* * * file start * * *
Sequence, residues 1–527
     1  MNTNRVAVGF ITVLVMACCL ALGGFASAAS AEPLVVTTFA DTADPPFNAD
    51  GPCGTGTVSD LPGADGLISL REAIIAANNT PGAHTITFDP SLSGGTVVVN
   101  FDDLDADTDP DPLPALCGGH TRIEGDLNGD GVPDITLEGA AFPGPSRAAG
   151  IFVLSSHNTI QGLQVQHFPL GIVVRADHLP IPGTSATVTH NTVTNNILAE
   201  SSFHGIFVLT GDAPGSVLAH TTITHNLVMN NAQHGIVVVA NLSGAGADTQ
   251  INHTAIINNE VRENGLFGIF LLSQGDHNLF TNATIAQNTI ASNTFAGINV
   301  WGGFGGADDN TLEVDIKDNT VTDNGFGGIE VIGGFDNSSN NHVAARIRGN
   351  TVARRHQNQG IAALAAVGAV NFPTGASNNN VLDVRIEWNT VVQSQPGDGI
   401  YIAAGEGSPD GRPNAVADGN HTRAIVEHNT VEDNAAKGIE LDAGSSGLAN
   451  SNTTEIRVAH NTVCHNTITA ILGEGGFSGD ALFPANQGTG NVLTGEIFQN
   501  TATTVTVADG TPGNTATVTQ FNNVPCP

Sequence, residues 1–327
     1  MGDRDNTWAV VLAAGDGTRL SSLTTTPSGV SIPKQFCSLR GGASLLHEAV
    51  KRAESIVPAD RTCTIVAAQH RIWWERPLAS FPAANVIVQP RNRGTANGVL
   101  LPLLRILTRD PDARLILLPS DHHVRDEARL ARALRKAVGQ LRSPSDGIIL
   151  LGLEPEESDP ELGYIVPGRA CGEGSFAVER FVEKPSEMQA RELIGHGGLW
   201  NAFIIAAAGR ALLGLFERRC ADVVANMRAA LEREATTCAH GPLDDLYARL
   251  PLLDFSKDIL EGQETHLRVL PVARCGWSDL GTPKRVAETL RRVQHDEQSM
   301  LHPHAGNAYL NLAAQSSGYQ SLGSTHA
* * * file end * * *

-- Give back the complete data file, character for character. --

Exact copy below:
Sequence, residues 1–527
     1  MNTNRVAVGF ITVLVMACCL ALGGFASAAS AEPLVVTTFA DTADPPFNAD
    51  GPCGTGTVSD LPGADGLISL REAIIAANNT PGAHTITFDP SLSGGTVVVN
   101  FDDLDADTDP DPLPALCGGH TRIEGDLNGD GVPDITLEGA AFPGPSRAAG
   151  IFVLSSHNTI QGLQVQHFPL GIVVRADHLP IPGTSATVTH NTVTNNILAE
   201  SSFHGIFVLT GDAPGSVLAH TTITHNLVMN NAQHGIVVVA NLSGAGADTQ
   251  INHTAIINNE VRENGLFGIF LLSQGDHNLF TNATIAQNTI ASNTFAGINV
   301  WGGFGGADDN TLEVDIKDNT VTDNGFGGIE VIGGFDNSSN NHVAARIRGN
   351  TVARRHQNQG IAALAAVGAV NFPTGASNNN VLDVRIEWNT VVQSQPGDGI
   401  YIAAGEGSPD GRPNAVADGN HTRAIVEHNT VEDNAAKGIE LDAGSSGLAN
   451  SNTTEIRVAH NTVCHNTITA ILGEGGFSGD ALFPANQGTG NVLTGEIFQN
   501  TATTVTVADG TPGNTATVTQ FNNVPCP

Sequence, residues 1–327
     1  MGDRDNTWAV VLAAGDGTRL SSLTTTPSGV SIPKQFCSLR GGASLLHEAV
    51  KRAESIVPAD RTCTIVAAQH RIWWERPLAS FPAANVIVQP RNRGTANGVL
   101  LPLLRILTRD PDARLILLPS DHHVRDEARL ARALRKAVGQ LRSPSDGIIL
   151  LGLEPEESDP ELGYIVPGRA CGEGSFAVER FVEKPSEMQA RELIGHGGLW
   201  NAFIIAAAGR ALLGLFERRC ADVVANMRAA LEREATTCAH GPLDDLYARL
   251  PLLDFSKDIL EGQETHLRVL PVARCGWSDL GTPKRVAETL RRVQHDEQSM
   301  LHPHAGNAYL NLAAQSSGYQ SLGSTHA